Let us work and become our better selves, acting upon the concord expressed in the wondrous words of our leaders and turn them into reality. How different we may become in our polity!

We closely read the U.S. Constitution and our state’s constitution. We read them at least annually to remind ourselves of who we are. We see our place in energizing these old yet living documents. Alongside the executive President, the legislative Congress, and the judicial Supreme Court, we are the fourth branch in our systems of shared power and responsibility. We are in the thick of government, not apart from it. We as a people set into operation the other branches’ functions and can shape their actions.

We see that government, especially in our rights extolled, is a matter of mutual respect and service. We serve, and in turn, others serve us. The breadth of politics, beyond the limits of mere voting, awakens our thoughts and actions. We want candidates whom we choose on the bases of their ability and principles. We set criteria for those we elect and study candidates to make the best possible choices. We share our study with others in neighborly conversation. We monitor our representatives as they define, address and solve problems on our behalf. We communicate critically with those in office so that they know our expectations and they relate to us what is possible for the whole body politic.

The communications media become our true ally. They exercise their extraordinary press freedoms with as much honesty, objectivity and resourcefulness as they can muster. They provide pertinent evidence and deeper analysis that challenges our thinking and enlarges our knowledge. We cannot live without a daily dosage of meaty reporting and features and the significant issues of the times, current and ensuing. We test our quest for knowing deeply and acting rightly against what both challenges and deepens our understanding. We change and shape our minds with reason.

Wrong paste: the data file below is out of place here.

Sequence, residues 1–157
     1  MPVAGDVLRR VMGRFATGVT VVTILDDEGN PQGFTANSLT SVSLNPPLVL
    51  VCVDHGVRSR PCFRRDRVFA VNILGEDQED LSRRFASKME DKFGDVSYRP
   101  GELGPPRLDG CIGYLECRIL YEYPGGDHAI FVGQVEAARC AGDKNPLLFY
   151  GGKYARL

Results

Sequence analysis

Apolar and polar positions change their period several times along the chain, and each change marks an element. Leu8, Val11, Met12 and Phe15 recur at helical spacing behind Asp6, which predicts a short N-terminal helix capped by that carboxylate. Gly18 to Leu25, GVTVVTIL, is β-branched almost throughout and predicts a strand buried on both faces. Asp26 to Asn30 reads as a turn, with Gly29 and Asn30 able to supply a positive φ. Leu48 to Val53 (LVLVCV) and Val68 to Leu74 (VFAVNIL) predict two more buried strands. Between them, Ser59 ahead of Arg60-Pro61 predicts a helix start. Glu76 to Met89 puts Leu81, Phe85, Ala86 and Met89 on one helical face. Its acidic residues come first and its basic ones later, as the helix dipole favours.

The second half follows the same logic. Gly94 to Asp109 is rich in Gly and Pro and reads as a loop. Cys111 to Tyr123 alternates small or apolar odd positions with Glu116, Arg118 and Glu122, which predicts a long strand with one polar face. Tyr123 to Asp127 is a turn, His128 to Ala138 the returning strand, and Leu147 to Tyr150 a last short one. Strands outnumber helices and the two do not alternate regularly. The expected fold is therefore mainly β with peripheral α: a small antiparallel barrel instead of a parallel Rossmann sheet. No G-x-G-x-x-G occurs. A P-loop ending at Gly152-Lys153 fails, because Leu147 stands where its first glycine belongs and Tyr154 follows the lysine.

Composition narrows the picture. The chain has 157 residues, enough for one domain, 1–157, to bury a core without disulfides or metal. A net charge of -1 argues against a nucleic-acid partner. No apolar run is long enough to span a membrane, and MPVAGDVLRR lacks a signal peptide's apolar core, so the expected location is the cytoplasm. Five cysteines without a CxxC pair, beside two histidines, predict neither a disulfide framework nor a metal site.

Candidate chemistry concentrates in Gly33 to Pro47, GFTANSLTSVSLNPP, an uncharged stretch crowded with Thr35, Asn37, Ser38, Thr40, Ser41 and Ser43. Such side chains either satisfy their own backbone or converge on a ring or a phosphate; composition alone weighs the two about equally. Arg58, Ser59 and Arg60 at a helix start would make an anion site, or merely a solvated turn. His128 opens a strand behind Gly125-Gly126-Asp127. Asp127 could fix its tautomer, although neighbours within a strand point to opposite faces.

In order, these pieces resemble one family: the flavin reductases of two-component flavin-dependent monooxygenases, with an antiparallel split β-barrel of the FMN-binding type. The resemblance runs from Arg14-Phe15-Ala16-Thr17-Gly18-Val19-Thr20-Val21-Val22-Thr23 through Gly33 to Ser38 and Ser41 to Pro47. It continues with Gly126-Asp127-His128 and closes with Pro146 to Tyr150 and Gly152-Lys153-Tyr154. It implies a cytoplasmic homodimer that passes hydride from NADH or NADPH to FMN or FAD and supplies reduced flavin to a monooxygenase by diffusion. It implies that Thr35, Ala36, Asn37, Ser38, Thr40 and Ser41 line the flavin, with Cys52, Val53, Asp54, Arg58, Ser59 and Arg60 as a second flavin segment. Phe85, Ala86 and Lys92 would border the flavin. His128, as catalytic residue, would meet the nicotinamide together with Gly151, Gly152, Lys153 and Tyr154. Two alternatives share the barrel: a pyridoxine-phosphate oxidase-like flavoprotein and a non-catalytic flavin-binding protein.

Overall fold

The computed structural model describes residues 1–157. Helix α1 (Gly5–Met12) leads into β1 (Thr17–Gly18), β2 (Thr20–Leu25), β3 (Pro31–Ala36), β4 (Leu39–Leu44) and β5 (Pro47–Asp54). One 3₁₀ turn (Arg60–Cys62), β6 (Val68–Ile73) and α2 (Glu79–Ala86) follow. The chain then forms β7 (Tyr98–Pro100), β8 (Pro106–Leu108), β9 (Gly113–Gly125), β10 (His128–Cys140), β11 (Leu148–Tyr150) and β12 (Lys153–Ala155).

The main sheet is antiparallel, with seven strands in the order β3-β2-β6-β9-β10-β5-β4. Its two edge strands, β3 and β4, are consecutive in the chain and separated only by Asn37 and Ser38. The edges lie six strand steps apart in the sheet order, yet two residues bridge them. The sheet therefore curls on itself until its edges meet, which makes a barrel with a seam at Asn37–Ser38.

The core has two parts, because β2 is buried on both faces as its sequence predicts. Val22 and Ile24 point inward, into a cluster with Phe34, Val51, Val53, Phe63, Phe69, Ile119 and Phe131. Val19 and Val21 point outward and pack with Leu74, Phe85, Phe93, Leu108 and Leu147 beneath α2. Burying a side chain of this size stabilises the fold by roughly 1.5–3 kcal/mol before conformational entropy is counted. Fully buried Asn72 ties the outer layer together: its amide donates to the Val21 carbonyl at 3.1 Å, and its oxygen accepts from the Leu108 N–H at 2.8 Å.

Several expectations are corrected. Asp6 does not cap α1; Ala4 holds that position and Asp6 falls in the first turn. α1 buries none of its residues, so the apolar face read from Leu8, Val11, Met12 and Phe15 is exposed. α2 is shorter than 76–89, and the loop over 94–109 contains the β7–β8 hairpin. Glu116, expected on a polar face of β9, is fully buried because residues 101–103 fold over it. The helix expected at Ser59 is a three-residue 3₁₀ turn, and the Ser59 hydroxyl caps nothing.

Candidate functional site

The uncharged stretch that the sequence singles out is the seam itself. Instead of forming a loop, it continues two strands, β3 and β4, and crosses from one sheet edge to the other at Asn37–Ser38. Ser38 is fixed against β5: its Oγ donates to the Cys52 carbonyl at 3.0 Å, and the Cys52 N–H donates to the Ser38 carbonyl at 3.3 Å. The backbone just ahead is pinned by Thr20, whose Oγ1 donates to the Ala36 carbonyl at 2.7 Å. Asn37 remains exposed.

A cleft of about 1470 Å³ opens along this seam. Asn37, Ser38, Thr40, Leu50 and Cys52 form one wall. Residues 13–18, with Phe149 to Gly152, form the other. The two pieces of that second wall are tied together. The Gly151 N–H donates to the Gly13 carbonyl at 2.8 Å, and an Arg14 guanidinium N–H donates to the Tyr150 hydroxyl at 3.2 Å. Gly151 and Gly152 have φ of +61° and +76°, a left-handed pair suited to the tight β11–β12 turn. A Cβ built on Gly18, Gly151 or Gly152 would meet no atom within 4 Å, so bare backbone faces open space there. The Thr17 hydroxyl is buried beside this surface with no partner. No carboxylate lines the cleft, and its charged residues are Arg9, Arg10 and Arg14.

Ultimately, we realize that we are one people, whom neither a distant government nor intrusive government can save. Instead, we discover the common ground that best serves us all and allows us each to fulfill our potential. Civility has become our mantra as well as our practice. We savor and extend our own abilities; we appreciate the benefits of others’ abilities. We are giving and grateful in receiving.

We become puzzled how life could have been any different in those days before we put a knowing accord foremost in our lives.
This article is a revision of one first appearing on Helium. com. I remain indebted in origin for many of my ideas to Aristotle’s Politics, especially the early sections of Book III on citizenship.

Contemporary texts used are widely available on the Internet. See McCain’s concession speech, Obama’s victory speech, and Walker’s open letter to Obama in The Root.

© 2008, 2009 by Roger Sween.

1 comment: